The final lunch-time poetry session involved no less than 6 poets who had been brought together to share political poetry. Judging by the panel, the main writers of political poetry in New Zealand are beautiful young (well, under 40 anyway) women with Maori and/or Pacific Island heritage. The panel also included 2 men – Jeffrey Paparoa Holman and James Norcliffe – whose political poetry was written a little less from within the scrum and more from a philosophical and historical perspective. I enjoyed Norcliffe’s “My Alien Vegetable,” a quirky and deadly serious look at terrorism.
And what a range of voices and stances and styles there are when it comes to using poetry for political purposes! Hinemoana Baker was awesome, funny, generous and extended an invitation to playful new ways of seeing. She read two poems by other writers from the anthology she has just co-edited, Kaupapa: New Zealand Poets, World Issues, one with the help of a whiteboard, to share with us the poet’s brilliant use of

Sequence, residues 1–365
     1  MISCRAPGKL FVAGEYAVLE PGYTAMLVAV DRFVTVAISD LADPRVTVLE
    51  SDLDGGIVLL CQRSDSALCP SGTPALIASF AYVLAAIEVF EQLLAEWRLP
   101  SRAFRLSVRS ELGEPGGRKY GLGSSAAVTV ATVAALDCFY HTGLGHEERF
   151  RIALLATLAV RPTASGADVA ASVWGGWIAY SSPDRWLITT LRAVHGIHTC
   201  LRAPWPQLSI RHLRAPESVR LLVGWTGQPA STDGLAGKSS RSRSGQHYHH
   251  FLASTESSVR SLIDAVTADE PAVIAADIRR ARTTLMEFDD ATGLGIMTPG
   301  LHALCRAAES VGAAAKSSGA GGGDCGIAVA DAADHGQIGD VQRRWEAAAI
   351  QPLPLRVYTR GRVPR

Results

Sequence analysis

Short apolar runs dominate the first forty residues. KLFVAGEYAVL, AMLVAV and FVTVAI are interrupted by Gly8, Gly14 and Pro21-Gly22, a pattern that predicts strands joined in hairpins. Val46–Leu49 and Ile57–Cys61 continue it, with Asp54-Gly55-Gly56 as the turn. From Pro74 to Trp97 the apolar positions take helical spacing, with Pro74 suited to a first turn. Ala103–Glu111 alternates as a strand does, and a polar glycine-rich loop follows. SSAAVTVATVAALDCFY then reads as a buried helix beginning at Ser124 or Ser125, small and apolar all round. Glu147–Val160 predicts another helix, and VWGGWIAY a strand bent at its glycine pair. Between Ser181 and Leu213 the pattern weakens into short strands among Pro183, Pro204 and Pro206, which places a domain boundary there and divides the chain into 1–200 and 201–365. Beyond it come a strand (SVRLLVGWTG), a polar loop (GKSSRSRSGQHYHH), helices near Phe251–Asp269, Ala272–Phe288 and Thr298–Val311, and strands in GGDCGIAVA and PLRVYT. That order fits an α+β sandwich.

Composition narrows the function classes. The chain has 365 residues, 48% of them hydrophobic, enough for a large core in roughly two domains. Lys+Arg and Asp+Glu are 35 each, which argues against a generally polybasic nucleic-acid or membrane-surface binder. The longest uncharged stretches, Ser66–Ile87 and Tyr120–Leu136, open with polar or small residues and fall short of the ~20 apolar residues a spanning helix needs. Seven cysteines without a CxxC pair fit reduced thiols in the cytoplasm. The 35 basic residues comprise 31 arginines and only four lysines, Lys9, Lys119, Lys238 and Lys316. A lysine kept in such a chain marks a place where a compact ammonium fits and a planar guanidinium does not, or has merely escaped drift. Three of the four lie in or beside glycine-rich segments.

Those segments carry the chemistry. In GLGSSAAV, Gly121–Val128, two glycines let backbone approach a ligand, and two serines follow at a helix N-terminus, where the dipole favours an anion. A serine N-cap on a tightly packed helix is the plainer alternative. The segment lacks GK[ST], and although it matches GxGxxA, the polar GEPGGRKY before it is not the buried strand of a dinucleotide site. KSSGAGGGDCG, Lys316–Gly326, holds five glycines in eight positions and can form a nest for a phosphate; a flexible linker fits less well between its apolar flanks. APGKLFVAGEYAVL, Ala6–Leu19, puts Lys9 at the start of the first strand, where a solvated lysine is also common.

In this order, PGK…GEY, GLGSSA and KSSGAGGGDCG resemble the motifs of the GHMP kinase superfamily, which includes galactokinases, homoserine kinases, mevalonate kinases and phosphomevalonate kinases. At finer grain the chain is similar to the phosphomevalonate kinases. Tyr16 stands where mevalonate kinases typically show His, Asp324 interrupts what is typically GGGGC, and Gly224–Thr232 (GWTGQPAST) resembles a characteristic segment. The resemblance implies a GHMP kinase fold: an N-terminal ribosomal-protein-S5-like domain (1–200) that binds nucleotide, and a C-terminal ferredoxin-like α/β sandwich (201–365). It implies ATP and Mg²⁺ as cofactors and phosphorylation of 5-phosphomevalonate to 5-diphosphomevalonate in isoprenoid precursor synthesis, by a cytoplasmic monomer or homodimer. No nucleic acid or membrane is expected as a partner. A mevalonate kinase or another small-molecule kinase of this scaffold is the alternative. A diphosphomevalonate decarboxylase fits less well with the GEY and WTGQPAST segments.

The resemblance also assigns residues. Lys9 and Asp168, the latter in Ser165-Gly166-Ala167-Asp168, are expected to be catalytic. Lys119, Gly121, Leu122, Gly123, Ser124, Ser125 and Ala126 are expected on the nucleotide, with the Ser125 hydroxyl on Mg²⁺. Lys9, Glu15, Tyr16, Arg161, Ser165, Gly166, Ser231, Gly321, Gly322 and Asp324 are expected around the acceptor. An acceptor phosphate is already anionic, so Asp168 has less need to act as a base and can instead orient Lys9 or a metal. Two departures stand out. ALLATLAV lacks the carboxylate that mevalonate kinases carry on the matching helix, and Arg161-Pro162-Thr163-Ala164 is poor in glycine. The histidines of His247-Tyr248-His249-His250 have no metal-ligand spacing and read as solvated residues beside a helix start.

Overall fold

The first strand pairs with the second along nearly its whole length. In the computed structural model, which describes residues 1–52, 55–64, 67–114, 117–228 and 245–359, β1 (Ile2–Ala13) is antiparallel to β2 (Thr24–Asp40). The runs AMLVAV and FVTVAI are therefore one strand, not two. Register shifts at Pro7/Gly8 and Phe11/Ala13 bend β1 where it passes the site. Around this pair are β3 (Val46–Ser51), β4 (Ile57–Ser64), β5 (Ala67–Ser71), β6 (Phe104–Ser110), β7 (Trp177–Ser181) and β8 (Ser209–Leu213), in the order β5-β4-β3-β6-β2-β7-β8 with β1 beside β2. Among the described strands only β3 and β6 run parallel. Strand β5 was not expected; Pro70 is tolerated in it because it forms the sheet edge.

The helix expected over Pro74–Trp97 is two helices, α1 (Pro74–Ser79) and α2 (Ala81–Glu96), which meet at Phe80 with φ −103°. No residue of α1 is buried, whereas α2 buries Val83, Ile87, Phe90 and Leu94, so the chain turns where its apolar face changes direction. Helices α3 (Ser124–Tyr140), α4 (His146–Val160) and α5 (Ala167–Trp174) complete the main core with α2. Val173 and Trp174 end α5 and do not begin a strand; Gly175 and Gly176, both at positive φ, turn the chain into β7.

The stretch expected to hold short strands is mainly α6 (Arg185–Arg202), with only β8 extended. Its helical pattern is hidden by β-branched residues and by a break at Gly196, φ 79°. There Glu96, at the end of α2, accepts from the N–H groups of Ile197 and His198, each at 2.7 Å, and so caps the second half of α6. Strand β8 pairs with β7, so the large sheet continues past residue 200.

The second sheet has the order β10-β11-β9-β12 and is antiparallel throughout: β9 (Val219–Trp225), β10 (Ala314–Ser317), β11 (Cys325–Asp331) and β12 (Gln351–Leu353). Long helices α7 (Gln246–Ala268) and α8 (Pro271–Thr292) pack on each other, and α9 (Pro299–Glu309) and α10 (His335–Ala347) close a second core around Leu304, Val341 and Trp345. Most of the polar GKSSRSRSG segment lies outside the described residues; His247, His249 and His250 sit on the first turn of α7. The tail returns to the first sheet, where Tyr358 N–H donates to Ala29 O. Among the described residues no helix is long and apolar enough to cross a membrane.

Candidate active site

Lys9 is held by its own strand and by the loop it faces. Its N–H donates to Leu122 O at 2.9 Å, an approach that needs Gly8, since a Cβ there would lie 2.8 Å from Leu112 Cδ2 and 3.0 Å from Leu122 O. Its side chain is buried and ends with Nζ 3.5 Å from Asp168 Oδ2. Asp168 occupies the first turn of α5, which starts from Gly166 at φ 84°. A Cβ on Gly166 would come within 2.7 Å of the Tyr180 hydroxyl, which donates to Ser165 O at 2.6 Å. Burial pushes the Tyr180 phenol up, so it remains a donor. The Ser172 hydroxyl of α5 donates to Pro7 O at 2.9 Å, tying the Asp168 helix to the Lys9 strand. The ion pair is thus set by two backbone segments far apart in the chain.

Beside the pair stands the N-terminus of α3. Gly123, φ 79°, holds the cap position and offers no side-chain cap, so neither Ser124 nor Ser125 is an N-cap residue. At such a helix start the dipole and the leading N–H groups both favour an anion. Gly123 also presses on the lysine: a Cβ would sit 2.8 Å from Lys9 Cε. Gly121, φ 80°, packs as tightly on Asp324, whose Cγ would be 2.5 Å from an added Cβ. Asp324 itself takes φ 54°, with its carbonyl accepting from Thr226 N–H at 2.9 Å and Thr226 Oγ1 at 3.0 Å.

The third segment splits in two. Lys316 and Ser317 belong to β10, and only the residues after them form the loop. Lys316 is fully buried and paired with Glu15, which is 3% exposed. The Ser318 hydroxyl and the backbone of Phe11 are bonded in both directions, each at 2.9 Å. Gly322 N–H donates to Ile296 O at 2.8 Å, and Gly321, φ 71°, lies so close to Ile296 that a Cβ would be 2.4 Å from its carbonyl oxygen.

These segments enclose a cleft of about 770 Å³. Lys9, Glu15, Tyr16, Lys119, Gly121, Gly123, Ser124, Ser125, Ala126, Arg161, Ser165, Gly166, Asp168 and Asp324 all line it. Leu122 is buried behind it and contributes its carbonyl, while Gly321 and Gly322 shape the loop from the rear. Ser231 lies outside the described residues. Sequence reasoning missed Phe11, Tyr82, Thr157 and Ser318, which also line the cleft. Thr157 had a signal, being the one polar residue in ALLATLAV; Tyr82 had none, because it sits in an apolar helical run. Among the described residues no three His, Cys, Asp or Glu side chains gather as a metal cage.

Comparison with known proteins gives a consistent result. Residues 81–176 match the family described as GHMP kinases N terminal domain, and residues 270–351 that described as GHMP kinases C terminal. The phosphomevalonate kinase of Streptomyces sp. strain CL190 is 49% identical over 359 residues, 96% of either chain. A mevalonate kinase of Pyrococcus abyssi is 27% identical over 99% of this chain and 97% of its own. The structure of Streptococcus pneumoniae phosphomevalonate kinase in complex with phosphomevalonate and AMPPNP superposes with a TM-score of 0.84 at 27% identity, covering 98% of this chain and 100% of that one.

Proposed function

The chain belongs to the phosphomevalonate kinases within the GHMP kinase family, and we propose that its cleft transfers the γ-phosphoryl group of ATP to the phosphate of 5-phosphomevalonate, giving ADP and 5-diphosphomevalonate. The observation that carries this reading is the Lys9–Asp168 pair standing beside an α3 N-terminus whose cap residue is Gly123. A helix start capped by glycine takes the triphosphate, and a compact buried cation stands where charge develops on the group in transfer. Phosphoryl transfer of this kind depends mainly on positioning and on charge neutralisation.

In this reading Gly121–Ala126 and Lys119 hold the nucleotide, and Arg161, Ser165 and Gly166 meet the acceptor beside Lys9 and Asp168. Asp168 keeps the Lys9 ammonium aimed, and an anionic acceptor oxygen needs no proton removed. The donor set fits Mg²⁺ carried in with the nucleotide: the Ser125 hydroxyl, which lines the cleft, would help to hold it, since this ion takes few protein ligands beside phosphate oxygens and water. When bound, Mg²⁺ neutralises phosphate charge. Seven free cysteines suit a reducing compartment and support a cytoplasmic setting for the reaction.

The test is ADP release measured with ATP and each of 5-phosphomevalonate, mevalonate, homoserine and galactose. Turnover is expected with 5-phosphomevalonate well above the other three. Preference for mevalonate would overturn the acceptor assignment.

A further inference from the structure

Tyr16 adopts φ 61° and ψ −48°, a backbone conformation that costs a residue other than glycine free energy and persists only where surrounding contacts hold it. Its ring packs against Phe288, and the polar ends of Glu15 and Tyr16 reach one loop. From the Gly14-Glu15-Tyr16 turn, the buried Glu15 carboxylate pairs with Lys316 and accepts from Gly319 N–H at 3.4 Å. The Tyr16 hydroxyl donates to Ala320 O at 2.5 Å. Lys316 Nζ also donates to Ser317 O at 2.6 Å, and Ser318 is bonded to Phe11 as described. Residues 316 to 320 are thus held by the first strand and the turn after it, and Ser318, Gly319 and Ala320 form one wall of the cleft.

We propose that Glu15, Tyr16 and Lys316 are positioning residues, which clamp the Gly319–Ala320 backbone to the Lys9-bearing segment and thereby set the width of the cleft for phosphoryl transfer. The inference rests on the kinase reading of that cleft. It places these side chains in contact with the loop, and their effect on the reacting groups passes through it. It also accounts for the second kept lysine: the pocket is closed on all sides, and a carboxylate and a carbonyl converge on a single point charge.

ii) and the [notation] of “mathematics” and *logic.
Tusiata Avia’s poetry is boldly political, feminist and, like Baker’s, funny. She performs it with total facial, vocal and rhythmic characterisation, almost singing the poems. Richard described her tone as that of a “sweet assassin,” and that captured it beautifully – feminine, dulcet and deadly, considering (on behalf of the Samoan people) whether to accept Helen Clark’s apology (on behalf of New Zealand) or to kill and eat her.
Karlo Mila surprised me with not only powerful poetry but an entire slide-show to accompany her two poems, both about very particular political events in Tonga, told from a very personal, emotional, perhaps even therapeutic perspective.
And it was Hana O’Reagan who most properly filled the image of a political poet, so sure of her cause, so passionate and insistent, and also full of humour, hope and good-will.